QC council to review facades program

Councillors will review the way grants are awarded for business facade improvements after a pair of local business owners raised concerns.

Queen Charlotte council will review the way grants are awarded for business facade improvements after a pair of local business owners raised concerns.

Carl Coffey and Debra Erickson, owners of Crabapple Creek Enterprises, said that when the village posted a grant application deadline of June 15, they assumed it meant the village would wait until June 15 before awarding any grants.

So the couple was surprised to find the program actually runs on a first-come, first-serve basis, and nearly all this year’s grants were awarded in February.

“It’s very unclear,” said Coffey, who asked councillors to make the whole process more transparent, including clear rules on whether or not a business has to be open to receive a grant.

Funded by Northern Development Initiative Trust, the Queen Charlotte program has an annual budget of $20,000, which can be shared in matching grants of up to $5,000 per business.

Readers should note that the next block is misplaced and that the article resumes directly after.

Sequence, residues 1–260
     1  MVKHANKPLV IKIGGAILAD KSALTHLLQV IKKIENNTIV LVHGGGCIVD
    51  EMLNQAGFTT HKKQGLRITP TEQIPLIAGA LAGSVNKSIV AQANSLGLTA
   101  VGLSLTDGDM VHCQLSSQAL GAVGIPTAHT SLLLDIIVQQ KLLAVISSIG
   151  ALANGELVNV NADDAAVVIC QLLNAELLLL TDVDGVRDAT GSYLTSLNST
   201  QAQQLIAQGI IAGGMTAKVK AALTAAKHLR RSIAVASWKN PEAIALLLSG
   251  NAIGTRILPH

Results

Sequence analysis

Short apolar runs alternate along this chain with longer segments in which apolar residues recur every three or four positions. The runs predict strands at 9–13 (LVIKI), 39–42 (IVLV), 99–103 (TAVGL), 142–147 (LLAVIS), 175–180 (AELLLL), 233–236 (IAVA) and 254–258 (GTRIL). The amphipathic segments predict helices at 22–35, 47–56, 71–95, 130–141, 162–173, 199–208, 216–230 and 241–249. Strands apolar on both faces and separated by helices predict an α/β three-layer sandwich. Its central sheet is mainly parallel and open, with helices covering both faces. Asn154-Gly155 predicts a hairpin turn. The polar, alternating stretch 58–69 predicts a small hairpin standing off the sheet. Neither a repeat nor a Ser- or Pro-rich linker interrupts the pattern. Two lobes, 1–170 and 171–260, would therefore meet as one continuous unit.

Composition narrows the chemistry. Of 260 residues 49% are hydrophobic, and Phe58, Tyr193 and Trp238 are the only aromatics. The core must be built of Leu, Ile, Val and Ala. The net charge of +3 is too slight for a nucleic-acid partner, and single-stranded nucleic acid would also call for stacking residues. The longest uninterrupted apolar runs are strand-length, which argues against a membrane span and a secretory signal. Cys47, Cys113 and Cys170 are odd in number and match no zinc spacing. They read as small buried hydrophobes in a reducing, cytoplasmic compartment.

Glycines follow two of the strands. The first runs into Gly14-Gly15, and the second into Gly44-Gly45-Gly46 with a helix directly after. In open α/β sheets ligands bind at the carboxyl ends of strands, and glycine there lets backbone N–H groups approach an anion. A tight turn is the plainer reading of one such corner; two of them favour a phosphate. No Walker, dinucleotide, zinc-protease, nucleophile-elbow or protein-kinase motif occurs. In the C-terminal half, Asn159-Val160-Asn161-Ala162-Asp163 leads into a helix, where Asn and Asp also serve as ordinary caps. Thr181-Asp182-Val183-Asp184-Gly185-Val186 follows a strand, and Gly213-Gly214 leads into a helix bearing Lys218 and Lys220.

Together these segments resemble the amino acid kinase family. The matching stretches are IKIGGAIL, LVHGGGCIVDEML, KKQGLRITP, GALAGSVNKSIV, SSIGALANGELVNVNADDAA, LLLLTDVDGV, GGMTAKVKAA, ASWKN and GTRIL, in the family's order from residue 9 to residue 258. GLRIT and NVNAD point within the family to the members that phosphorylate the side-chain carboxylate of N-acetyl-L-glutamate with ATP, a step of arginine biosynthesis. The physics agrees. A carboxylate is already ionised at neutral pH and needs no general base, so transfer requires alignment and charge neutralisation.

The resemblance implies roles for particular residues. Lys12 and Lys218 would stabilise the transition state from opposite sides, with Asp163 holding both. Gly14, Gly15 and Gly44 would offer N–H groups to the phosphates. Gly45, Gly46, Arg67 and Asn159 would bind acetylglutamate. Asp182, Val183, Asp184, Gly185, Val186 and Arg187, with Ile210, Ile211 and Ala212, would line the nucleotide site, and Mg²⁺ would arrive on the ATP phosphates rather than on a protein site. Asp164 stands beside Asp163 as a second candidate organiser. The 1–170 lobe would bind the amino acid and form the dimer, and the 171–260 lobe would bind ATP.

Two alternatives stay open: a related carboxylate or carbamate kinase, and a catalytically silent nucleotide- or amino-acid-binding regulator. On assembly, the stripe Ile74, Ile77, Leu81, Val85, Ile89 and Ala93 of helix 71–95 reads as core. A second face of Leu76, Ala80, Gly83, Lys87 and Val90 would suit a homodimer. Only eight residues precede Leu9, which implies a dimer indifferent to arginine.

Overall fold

Grants are not given right away, but as a rebate business owners have until the end of the year to submit their receipts for new signage or business front improvements, and they cannot be reimbursed for their own labour.

Now in its third year, the Queen Charlotte program has always run on a first-come, first-run basis, but it has never been fully subscribed, meaning some of the $20,000 was left unspent.

Given rising interest in the grants, NDIT said it might have to cancel some of the $20,000 budget if it’s not allocated by June.

That is one reason why the village wanted to award grants as soon as possible, said Lori Wiedeman, chief administrative officer for the Village of Queen Charlotte, noting that there is still $750 left in the budget.

The village has so far awarded $4,250 to Haida Gwaii Revive Massage Therapy, and $5,000 each to three businesses scheduled to open in the former Rainbows Gallery: Claynail Crane and Construction, Coralroot Gallery, and the Little Green Dress Shop.

Wiedeman said Coffey and Erickson raised some fair points for the village to consider.

“There are some things we miscommunicated, and maybe it was just a matter of us being too familiar with it and thinking that we were clear,” she said.

Wiedeman said the village can certainly tighten up parts of the grant program, but they don’t want to make the rules so strict the budget goes unspent without good reason. This year, for example, the village opened the program to businesses outside the ‘downtown core’.

“The whole intention of this is to improve the facades of our businesses and in the past, we haven’t been able to use all the money.”